Malone’s Liberty Global Takes Gamble on All-Huawei Swiss Carrier
(Bloomberg) -- While the White House is pushing allies to ban telecommunications equipment made by China’s Huawei Technologies Co., billionaire John Malone is preparing to buy a pile of it.
His Liberty Global Plc has agreed to purchase Zurich-based Sunrise Communications AG, whose network of 3,500 base stations all rely on equipment from the Shenzhen-based vendor. The deal values the Swiss carrier at about 5 billion Swiss francs ($5.5 billion).
It’s a sharp contrast to what’s happening in other nations like the U.K., where a ban on Huawei gear will saddle carriers with the cost of removing it from networks and replacing it with kit from other manufacturers. Were Switzerland to mandate an exclusion of Huawei as carriers install the next generation of wireless communications equipment, Sunrise could find itself in the same situation.
“There would be a major cost implication” that could also hinder its 5G roll-out, said CCS Insight analyst Kester Mann.
That’s a risk Liberty’s Chief Executive Officer Mike Fries says he’s willing to take.
“We have analyzed multiple outcomes on the Huawei issue, and none of them have changed our interest level, and the deal remains highly attractive under all those scenarios,” he said on a call with reporters Wednesday. “There will be no rip and replace.”
Sunrise’s CEO said earlier this year the Swiss government had already concluded the Chinese company’s equipment poses no significant risks. Sunrise’s attitude toward Huawei hasn’t altered, and the company does not plan to change Huawei as a supplier, a spokeswoman for the Swiss company said in an emailed statement.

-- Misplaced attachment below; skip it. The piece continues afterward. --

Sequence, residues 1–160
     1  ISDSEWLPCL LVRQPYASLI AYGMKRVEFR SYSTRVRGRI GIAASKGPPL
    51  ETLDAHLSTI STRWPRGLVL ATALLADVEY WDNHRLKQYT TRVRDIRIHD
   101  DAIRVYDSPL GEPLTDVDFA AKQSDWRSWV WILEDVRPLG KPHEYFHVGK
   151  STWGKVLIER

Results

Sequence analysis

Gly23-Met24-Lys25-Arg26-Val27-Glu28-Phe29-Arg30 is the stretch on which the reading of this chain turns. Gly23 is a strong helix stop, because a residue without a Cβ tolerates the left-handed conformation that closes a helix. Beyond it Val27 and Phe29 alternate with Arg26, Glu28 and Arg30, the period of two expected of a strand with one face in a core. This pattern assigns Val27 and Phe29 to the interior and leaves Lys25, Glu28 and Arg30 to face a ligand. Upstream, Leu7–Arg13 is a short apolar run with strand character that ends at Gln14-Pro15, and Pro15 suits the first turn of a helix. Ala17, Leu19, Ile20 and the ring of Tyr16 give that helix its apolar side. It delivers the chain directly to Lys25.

But officials can change their mind, as BT Group Plc knows -- the British carrier says it will have to spend about 500 million pounds ($655 million) to replace its Huawei equipment.
The U.K. had initially said Huawei gear could be used in parts of the nation’s communications network. In July it abandoned this policy in favor of a ban for all 5G kit from the company after the U.S. in May imposed new sanctions that significantly constrained Huawei’s silicon supply chain.
Berenberg analyst Usman Ghazi said the worst-case scenario for Sunrise to replace all its Huawei kit would involve costs of a “couple of hundred million” Swiss francs for the antennas and a further 30-40 million francs for the core.
That’s still not a problem for Fries. Even if Switzerland copies the U.K. approach, “that’s certainly manageable,” he said.
Sunrise has worked closely with Huawei since 2013 and was one of the first carriers in Europe to launch 5G, in a push spearheaded by former CEO Olaf Swantee. He left in January after a previous attempt at a deal with Liberty Global failed.
“The quality of their solutions and people have contributed significantly in securing a network leadership position in 4G and 5G,” Swantee said by email, adding “I have only worked with fantastic and trustworthy people at Huawei.”
Swantee also leaned on Huawei in his previous role as head of British mobile carrier EE, which rolled out the U.K.’s first 4G mobile broadband network, months earlier than rivals. But that led to a sting in the tail for BT Group Plc, which bought EE in 2016.
BT started building 5G systems mainly using Huawei because the early 5G equipment bolts directly onto the 4G kit, which in EE’s case is majority Huawei. Now it has to rip it all out.
Even if no Swiss ban seems imminent, the global situation is changing fast: The U.K.’s U-turn came just six months after the initial policy.
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